With the decrease in government transfers and relatively no change in market income, the median after-tax income of Canadian families and unattached individuals was reduced to $70,500 in 2022—a drop of $2,500 (-3.4%) compared with 2021. Most provinces (7 out of 10) experienced declines in after-tax income in 2022, led by Nova Scotia (-$5,800), New Brunswick (-$4,400) and Prince Edward Island (-$3,400). The after-tax income for Quebec, Saskatchewan and Alberta remained relatively unchanged.

Repayment of benefits related to the COVID-19 pandemic

Starting in 2022, the Canadian Income Survey (CIS) collects repayments of pandemic-related benefits that were received in error or for which the eligibility criteria were not met. These repayments are identified through T1 and T4 filings, which are among the sources used for the CIS estimates. The process of recording overpayments or payments made to ineligible recipients of pandemic-related benefits in the CIS may take several years to complete. Because the repayments represent a non-discretionary expense, they were deducted from disposable income when calculating the Market Basket Measure poverty estimates.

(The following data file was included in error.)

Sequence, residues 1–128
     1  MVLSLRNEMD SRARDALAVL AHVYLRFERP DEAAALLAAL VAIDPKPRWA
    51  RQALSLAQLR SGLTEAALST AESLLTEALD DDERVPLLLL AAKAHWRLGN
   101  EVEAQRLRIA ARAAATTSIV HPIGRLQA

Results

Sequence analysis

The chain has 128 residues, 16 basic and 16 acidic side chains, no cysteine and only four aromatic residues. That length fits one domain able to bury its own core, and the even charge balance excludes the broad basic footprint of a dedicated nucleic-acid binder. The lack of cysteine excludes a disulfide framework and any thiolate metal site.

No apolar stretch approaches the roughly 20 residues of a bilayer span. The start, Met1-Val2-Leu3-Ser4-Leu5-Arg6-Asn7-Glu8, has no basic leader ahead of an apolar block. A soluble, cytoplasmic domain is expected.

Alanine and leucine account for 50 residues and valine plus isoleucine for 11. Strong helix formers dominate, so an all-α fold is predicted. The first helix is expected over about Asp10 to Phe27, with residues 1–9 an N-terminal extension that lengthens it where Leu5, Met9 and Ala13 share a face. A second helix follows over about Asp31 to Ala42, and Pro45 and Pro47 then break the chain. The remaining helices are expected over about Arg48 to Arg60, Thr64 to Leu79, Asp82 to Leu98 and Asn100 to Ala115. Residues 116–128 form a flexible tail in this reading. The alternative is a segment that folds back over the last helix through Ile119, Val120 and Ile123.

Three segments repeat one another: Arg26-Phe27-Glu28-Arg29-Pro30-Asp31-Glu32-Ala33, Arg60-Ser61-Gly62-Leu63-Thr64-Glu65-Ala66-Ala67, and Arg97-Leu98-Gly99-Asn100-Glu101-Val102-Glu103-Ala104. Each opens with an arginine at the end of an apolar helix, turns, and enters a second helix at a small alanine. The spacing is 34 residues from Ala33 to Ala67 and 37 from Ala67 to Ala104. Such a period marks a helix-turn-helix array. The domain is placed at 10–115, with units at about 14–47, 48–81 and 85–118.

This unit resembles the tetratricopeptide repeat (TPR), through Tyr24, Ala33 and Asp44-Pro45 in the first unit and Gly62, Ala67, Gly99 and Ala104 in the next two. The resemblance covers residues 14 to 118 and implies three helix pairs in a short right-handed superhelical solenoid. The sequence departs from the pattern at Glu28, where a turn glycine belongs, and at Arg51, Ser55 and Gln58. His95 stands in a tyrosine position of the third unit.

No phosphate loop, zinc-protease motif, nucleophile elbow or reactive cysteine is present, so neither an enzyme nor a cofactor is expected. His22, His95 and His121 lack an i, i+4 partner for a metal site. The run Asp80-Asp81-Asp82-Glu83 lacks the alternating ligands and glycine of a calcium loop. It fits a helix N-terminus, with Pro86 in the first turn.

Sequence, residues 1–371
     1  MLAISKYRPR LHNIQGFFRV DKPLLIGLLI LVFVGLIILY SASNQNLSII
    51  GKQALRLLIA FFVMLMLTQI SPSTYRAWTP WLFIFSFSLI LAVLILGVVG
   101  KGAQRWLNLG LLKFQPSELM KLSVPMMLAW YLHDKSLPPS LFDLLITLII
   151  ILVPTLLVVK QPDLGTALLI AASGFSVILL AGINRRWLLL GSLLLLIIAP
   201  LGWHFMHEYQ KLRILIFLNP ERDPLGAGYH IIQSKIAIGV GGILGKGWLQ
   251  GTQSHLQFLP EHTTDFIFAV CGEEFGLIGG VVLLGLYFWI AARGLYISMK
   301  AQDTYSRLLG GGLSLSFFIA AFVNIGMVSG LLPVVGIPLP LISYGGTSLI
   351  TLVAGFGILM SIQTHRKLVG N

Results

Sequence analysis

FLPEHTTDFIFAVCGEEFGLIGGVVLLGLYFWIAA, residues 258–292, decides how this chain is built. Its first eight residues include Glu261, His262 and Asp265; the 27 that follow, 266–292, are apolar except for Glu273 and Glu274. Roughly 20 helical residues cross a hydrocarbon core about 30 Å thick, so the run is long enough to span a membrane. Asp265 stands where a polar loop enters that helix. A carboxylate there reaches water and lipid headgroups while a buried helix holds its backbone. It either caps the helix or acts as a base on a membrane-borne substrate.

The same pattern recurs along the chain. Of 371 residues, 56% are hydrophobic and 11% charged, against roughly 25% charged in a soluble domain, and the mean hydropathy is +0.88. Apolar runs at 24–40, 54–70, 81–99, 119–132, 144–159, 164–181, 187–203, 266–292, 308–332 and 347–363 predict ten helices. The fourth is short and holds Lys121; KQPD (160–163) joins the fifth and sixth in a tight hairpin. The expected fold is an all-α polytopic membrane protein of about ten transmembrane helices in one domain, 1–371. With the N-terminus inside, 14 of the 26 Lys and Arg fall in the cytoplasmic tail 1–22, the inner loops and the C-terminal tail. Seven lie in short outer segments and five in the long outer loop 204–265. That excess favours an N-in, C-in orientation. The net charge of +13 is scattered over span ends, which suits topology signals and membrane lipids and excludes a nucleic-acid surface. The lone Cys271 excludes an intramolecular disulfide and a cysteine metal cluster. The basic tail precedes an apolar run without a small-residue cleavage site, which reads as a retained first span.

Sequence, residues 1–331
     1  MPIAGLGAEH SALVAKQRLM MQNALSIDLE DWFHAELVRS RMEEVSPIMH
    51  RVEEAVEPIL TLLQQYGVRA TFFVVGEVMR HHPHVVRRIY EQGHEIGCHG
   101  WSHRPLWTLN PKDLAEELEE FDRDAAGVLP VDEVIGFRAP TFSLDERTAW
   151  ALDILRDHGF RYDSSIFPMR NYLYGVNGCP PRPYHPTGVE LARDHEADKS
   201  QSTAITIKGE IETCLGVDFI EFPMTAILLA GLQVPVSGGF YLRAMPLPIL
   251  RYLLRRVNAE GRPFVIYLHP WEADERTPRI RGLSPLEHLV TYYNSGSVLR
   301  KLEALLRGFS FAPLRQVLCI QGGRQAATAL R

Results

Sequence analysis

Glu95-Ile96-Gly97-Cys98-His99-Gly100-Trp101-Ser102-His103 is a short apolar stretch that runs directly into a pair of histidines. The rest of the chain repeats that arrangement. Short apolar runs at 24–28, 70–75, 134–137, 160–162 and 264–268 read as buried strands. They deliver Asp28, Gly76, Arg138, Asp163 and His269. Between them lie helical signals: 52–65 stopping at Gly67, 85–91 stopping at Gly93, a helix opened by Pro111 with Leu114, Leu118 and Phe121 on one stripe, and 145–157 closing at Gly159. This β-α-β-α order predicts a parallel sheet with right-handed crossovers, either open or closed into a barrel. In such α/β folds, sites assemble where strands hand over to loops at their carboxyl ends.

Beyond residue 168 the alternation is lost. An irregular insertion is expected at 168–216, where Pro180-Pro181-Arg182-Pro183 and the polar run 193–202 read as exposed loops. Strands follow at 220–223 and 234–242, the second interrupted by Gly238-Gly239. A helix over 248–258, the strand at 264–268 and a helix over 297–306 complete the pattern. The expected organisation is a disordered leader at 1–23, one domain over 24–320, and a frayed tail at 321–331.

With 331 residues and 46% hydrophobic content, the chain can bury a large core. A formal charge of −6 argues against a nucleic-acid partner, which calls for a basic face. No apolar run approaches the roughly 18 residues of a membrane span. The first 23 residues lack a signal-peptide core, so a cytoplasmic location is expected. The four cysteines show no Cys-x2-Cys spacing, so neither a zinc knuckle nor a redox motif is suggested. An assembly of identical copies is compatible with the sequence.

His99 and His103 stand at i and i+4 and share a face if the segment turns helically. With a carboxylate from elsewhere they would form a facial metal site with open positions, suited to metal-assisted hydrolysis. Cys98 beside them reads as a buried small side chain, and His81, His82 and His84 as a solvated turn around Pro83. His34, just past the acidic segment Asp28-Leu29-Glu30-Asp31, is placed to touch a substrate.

Poverty rate approaches pre-pandemic level

According to the Market Basket Measure, Canada's Official Poverty Line, 9.9% of the population—approximately 3.8 million Canadians—lived below the poverty line in 2022, up from 7.4% in 2021. This marks the second consecutive annual increase and brings the poverty rate close to the pre-pandemic level of 10.3% in 2019.

The poverty rate for children under 18 years old increased by 3.5 percentage points to 9.9% in 2022, up from 6.4% in 2021 and comparable to the pre-pandemic level of 9.4% in 2019. For seniors aged 65 years and older, the poverty rate was 6.0% in 2022, compared with 5.6% in 2021 and the pre-pandemic level of 5.7% in 2019.